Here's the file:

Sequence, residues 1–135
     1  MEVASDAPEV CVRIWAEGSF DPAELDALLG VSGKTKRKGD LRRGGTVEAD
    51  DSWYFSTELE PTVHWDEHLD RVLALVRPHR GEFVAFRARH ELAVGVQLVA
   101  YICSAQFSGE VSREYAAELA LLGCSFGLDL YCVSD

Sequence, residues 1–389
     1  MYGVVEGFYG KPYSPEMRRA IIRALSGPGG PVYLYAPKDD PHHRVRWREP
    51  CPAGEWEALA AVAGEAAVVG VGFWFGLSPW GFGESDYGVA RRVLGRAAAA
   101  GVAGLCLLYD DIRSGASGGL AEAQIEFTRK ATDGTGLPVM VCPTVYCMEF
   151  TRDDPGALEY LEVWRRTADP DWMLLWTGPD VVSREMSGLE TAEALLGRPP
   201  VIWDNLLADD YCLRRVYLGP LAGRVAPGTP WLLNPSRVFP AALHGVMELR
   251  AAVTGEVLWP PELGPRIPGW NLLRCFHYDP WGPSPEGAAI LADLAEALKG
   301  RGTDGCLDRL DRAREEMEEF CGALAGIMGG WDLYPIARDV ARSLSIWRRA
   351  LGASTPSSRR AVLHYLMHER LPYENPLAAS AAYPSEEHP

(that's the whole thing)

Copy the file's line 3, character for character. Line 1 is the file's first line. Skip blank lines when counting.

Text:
    51  DSWYFSTELE PTVHWDEHLD RVLALVRPHR GEFVAFRARH ELAVGVQLVA